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WASHINGTON (Dec. 30, 2021)

Reduce Your Risk Against Climate-Related Losses

What You Can Do to Protect Your Home and Personal Belongings

No matter where you live, your home is at risk for a climate-related loss. To protect the life you've built, learn what the risks are and how to reduce them.  

Know Your Risk  
Floods, hail, wind, snow, ice, and wildfire can occur anywhere. A National Association of Insurance Commissioners (NAIC) survey says about 75% of homeowners consider weather-related threats as the biggest risks to their homes.  

  • Wildfire  
    Verisk’s 2019 Wildfire Risk Analysis says 4.5 million homes in the United States were at high or extreme risk of wildfire.  

  • Flood and Rain 
    About a quarter of all flood losses happen in homes outside of high-risk areas. In high-risk areas, there is a 25% chance of flooding during a 30-year mortgage.  

  • Hail and Wind 
    According to the National Oceanic and Atmospheric Administration’s (NOAA) Annual Severe Weather Report, there were more than 4,600 major hailstorms reported in the U.S. in 2020, which caused about $8 to $14 million in insurance losses.  

Damage from strong winds associated with thunderstorms make up half of all reported losses and is more common than damage from tornadoes, according to the report.  

What To Do  
There are actions you can take to mitigate your risk, protect your home, and preserve your finances. According to an NAIC survey, about 50% of homeowners have NOT made any changes to protect their homes from weather-related risks. Here are ways to reduce your risk.  


  • Remove dead shrubbery, and any trees that hang above your roof, as they are likely to spread flames and embers.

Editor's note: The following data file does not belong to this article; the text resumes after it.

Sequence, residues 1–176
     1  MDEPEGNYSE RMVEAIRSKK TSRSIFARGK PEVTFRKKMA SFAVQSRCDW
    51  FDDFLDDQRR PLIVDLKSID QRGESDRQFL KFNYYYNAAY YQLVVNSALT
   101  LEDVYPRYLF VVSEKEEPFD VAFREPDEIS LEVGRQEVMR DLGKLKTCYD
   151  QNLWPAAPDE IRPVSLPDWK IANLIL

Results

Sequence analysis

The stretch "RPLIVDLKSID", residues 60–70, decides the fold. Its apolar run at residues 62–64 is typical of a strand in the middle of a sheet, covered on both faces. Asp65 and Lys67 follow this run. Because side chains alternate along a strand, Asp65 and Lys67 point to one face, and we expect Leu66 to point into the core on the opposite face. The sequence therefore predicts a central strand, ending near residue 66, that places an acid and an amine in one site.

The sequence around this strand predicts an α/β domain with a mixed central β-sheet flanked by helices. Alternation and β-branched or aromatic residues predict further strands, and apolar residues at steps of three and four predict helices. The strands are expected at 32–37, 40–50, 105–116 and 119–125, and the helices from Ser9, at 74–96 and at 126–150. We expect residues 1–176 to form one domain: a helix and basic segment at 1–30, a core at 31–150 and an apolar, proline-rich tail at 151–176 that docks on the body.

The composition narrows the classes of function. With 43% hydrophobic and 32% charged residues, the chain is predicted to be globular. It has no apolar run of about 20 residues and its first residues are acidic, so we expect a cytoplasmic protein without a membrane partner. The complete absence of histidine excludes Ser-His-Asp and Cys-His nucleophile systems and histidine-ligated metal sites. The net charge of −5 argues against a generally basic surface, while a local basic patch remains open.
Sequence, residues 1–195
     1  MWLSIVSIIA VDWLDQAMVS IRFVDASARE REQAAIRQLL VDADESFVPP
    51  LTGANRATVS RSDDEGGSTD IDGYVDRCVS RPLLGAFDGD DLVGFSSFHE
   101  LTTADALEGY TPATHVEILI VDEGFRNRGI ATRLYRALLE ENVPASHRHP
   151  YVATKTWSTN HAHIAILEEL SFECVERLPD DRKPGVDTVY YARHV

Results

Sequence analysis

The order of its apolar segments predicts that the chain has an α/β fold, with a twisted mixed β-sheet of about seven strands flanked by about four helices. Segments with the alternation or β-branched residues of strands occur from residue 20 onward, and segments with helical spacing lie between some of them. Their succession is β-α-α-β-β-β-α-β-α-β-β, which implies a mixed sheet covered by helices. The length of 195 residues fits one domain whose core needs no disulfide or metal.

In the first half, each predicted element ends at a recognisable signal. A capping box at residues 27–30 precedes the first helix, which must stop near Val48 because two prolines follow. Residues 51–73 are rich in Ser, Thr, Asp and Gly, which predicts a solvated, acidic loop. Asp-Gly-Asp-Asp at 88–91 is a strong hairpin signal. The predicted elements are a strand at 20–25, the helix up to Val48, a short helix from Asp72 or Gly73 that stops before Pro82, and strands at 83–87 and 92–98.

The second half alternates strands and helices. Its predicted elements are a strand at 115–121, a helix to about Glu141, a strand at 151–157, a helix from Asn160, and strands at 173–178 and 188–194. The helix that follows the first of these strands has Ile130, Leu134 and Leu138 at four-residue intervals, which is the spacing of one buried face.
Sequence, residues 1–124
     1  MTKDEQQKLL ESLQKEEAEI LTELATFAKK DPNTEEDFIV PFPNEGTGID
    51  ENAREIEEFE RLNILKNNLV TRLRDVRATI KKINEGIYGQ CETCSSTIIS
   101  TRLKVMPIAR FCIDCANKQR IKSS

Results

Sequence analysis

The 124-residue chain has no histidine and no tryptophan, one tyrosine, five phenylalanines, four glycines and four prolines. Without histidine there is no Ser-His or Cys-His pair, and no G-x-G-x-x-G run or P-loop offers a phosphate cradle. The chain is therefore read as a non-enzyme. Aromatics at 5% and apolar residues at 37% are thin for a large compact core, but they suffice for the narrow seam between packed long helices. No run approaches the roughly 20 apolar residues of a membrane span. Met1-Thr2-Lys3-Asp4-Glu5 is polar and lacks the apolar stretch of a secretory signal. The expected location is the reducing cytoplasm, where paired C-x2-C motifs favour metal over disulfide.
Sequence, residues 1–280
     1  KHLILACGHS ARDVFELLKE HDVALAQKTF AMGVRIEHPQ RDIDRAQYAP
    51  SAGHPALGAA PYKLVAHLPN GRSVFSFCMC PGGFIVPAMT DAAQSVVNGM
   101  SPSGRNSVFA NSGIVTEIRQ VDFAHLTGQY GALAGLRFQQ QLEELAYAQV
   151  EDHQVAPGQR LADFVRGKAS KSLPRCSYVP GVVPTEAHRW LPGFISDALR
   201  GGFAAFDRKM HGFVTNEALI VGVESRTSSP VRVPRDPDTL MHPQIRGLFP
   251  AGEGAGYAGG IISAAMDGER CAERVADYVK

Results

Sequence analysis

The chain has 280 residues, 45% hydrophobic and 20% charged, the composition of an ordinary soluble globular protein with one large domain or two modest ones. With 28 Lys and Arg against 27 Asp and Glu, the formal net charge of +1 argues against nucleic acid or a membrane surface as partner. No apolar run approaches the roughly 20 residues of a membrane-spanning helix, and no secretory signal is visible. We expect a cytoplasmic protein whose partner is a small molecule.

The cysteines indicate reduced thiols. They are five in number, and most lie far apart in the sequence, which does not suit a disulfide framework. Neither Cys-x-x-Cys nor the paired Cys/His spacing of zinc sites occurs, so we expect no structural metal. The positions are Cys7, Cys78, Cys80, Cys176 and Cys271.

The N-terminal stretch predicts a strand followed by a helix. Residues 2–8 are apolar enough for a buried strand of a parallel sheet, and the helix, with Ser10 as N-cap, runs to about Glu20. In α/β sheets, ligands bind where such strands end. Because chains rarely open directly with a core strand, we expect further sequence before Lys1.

• Don’t store anything under decks or porches, clear gutters, and use non-combustible materials around your home to prevent the spread of wildfires.  

Flood and Rain  

  • Homeowners policies typically do not cover floods so you may want to consider buying a separate flood policy. 

  • Install a water alarm to provide an alert when water begins accumulating in the basement to get ahead of flooding.  

  • Make sure sump pumps are charged, working, and have a backup power supply available. 

Hail and Wind 

  • Move loose items, like patio furniture, inside before storms. Remove dead or loose trees and branches, as the wind can move them during storms.  

Snow and Ice  

  • Prune Trees and Clear Gutters. Look at the trees around your property and cut back branches or stems that are dead, dying, diseased, or broken. Clearing the debris from your gutters will help prevent ice dams by allowing meltwater to drain freely.  

Top Takeaways  


About the National Association of Insurance Commissioners

As part of our state-based system of insurance regulation in the United States, the National Association of Insurance Commissioners (NAIC) provides expertise, data, and analysis for insurance commissioners to effectively regulate the industry and protect consumers. The U.S. standard-setting organization is governed by the chief insurance regulators from the 50 states, the District of Columbia and five U.S. territories. Through the NAIC, state insurance regulators establish standards and best practices, conduct peer reviews, and coordinate regulatory oversight. NAIC staff supports these efforts and represents the collective views of state regulators domestically and internationally.